Payouts to victims of Colombia’s decadeslong armed conflict suggest benefits may exceed the initial cost
The May 2020 murder of George Floyd that catalyzed a new chapter of national reckoning on racial discrimination also brought renewed focus to the case for reparations for African Americans.
So far, the prospect of financial reparations for victims of racial discrimination remains in the study phase among a smattering of states and cities, but there is no forward motion in Congress.
One notable exception is Evanston, Illinois, which in 2022 began issuing $25,000 payments to African American residents who were victims (or direct descendants of victims) of the city’s racially discriminatory housing policies between 1919-1969. Initial beneficiaries were restricted to using the money for housing-related costs (a mortgage, paying down a mortgage or home repairs). Evanston’s City Council recently announced future payments would be made with no strings attached.
Among potential large-scale state initiatives, California has advanced the ball furthest to date. The California Reparations Task Force delivered its final report to the state Legislature in June 2023. Among its recommendations are payments that could amount to hundreds of thousands of dollars for longtime residents who can prove they are a descendant of an enslaved African American, or a free African American who was in the country before 1900.
That’s only a recommendation, and it comes at a rough fiscal juncture for the state, which recently had to close a $32 billion budget deficit. To many, of course, reparations are simply a way to address past wrongs. A bill long past due. But as more government entities consider financial reparations to address the socioeconomic toll of racial discrimination, proponents and opponents alike will want to gauge the impact of such payments.
Examining Post-Payout Life
A working paper, looking at financial reparations being made to more than 7 million victims of Colombia’s violent decadeslong conflict between rebels, paramilitary groups and government forces, provides an intriguing glimpse into the potential transformative nature of reparations.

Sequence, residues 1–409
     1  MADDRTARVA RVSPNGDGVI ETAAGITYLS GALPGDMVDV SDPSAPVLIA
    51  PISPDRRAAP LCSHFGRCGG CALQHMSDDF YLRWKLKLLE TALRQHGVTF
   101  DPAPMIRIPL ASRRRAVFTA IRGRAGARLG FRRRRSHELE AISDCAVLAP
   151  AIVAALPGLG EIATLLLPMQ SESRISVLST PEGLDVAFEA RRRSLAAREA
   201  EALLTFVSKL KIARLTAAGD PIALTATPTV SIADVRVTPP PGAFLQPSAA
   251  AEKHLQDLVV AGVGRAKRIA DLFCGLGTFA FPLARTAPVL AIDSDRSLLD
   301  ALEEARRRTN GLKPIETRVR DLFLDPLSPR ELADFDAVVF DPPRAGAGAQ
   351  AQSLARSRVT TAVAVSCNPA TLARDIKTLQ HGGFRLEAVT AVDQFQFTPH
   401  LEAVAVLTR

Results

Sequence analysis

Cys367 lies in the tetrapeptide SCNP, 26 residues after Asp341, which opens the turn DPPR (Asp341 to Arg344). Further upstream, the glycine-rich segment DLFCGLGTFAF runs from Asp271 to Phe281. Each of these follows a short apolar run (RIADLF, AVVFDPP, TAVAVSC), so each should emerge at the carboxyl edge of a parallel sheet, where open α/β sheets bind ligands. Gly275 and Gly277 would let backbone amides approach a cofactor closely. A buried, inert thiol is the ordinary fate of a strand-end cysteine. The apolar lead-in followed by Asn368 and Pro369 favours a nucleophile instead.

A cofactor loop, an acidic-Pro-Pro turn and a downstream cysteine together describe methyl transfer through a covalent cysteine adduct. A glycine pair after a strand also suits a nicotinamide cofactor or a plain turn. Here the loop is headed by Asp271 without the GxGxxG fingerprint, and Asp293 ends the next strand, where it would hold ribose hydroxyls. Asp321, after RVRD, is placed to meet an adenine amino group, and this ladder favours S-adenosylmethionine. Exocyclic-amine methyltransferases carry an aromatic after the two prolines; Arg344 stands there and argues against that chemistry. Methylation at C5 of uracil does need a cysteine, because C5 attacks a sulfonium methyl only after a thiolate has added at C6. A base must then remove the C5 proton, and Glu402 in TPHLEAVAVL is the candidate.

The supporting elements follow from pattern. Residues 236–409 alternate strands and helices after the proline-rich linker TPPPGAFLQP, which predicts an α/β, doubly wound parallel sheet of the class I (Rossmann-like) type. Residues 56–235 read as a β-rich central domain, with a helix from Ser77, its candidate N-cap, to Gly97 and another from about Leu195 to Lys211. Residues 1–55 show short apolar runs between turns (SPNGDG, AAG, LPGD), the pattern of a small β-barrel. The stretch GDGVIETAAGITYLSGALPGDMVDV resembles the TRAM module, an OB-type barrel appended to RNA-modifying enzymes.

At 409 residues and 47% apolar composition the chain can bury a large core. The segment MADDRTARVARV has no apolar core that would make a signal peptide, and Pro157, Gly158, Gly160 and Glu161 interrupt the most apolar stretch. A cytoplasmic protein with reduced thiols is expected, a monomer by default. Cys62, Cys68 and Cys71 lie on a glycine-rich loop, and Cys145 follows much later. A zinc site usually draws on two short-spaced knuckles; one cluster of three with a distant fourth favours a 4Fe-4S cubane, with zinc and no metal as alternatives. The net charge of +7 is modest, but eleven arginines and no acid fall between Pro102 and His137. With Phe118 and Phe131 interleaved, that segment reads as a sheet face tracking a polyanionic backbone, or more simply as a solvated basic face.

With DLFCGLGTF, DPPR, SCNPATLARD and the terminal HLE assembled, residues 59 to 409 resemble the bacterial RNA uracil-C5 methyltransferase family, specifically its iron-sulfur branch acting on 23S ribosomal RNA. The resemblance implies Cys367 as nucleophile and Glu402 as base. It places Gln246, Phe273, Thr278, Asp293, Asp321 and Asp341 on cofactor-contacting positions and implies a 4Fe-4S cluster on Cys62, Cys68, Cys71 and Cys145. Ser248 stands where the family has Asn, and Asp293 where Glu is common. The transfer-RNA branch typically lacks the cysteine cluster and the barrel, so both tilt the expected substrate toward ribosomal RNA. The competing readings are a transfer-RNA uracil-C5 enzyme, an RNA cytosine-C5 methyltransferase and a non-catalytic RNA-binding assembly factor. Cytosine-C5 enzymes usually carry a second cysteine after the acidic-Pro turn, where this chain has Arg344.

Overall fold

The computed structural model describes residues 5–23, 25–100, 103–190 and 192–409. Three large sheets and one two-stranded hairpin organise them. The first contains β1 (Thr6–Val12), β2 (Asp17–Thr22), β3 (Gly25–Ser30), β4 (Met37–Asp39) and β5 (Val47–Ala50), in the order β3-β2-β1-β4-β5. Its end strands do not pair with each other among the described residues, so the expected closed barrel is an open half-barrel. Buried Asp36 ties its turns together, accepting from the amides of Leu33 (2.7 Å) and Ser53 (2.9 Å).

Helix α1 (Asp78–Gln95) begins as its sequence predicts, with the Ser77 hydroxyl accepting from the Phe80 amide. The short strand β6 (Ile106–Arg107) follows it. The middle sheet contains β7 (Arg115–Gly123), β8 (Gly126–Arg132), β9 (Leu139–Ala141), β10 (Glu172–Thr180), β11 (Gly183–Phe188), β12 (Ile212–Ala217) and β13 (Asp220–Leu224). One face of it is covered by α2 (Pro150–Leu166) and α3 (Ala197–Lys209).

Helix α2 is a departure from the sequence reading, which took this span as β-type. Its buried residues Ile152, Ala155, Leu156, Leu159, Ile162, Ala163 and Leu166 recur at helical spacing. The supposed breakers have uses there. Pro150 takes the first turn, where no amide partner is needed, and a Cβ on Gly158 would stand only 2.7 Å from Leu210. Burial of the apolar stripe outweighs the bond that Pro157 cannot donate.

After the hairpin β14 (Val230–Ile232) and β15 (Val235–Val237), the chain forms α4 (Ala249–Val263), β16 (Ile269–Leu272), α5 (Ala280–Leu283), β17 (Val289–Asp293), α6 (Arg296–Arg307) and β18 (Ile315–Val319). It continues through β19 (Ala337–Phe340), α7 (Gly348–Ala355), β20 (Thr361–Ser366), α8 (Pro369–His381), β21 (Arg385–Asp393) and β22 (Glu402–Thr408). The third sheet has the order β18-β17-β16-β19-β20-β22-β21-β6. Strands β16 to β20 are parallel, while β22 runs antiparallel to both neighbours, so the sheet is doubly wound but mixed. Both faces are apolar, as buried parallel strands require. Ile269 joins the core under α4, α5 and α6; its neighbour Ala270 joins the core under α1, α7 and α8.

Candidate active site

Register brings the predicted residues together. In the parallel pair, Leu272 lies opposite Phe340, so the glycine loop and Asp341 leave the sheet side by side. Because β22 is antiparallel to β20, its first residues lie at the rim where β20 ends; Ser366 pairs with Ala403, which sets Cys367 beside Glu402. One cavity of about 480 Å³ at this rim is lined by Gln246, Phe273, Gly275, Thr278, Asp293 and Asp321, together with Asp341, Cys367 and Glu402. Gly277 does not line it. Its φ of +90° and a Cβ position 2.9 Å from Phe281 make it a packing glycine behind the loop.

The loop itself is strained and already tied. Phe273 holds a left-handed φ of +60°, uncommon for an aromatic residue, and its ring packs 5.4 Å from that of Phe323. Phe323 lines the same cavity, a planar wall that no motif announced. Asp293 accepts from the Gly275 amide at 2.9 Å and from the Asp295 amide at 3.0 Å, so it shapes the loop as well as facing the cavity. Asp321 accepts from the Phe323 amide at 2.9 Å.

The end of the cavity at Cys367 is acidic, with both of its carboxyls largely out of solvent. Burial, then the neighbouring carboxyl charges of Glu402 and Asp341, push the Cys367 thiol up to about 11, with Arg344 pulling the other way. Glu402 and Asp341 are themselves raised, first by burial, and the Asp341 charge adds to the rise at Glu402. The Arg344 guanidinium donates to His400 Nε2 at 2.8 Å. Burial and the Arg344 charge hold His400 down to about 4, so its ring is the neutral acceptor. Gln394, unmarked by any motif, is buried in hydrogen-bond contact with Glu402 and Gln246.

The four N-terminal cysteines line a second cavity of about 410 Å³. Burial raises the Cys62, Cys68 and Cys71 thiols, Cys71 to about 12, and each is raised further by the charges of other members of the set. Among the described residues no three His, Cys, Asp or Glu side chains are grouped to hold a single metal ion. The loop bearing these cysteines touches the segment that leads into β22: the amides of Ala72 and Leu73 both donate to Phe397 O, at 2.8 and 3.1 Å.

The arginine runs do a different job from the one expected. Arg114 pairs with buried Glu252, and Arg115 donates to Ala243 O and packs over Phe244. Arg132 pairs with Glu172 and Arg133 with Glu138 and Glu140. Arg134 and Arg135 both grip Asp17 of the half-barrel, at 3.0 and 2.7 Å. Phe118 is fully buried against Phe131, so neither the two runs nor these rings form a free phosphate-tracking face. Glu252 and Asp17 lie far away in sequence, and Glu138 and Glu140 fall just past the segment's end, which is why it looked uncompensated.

An analysis of socioeconomic measures including homeownership rates, health status, wages and the educational path of school-age children found that recipients of a lump sum reparations payment had sizable gains in well-being three and four years after receiving the payment.
The Research Group at World Bank’s Arlen Guarin, UCLA’s Juliana Londoño-Vélez and Banco de la República de Colombia’s Christian Posso also worked through a “back of the envelope” cost-benefit analysis that they intentionally rigged to use conservative assumptions. They calculate that the upfront cash cost of the payments was recovered four years later as a result of improved health among recipients, which translates into lower health care spending by the state (Colombia has universal health care), and the economic boost from the fact that the children of recipients were more likely to continue on to college.
“Reparations significantly improve people’s health outcomes and benefit children’s human capital,” they write. “Further, these effects will likely continue paying off in the long run.”
Colombia’s initial reparations program launched in 2008 but proved too cumbersome and had a narrow definition of who qualified as a victim. In 2011 a more expansive program was enacted that pairs financial reparations with other internationally recognized steps considered central to successful peace building and recovery. Guarin, Londoño-Vélez and Posso focus solely on an analysis of the financial payouts to the more than 7 million living victims in the official government database.
Victims’ individual reparations are based on a formula for the specific human-rights harm done (direct and indirect victims of kidnapping, displacement, disability, sexual abuse etc.). The average lump sum payout of about $10,200 (in 2019 dollars) is the equivalent of more than three years of average wages in Colombia. Budgetary constraints have made for a slow disbursal of payments; about 1% of victims receive a payout each year. A recently passed law requires all reparations to be paid by 2031.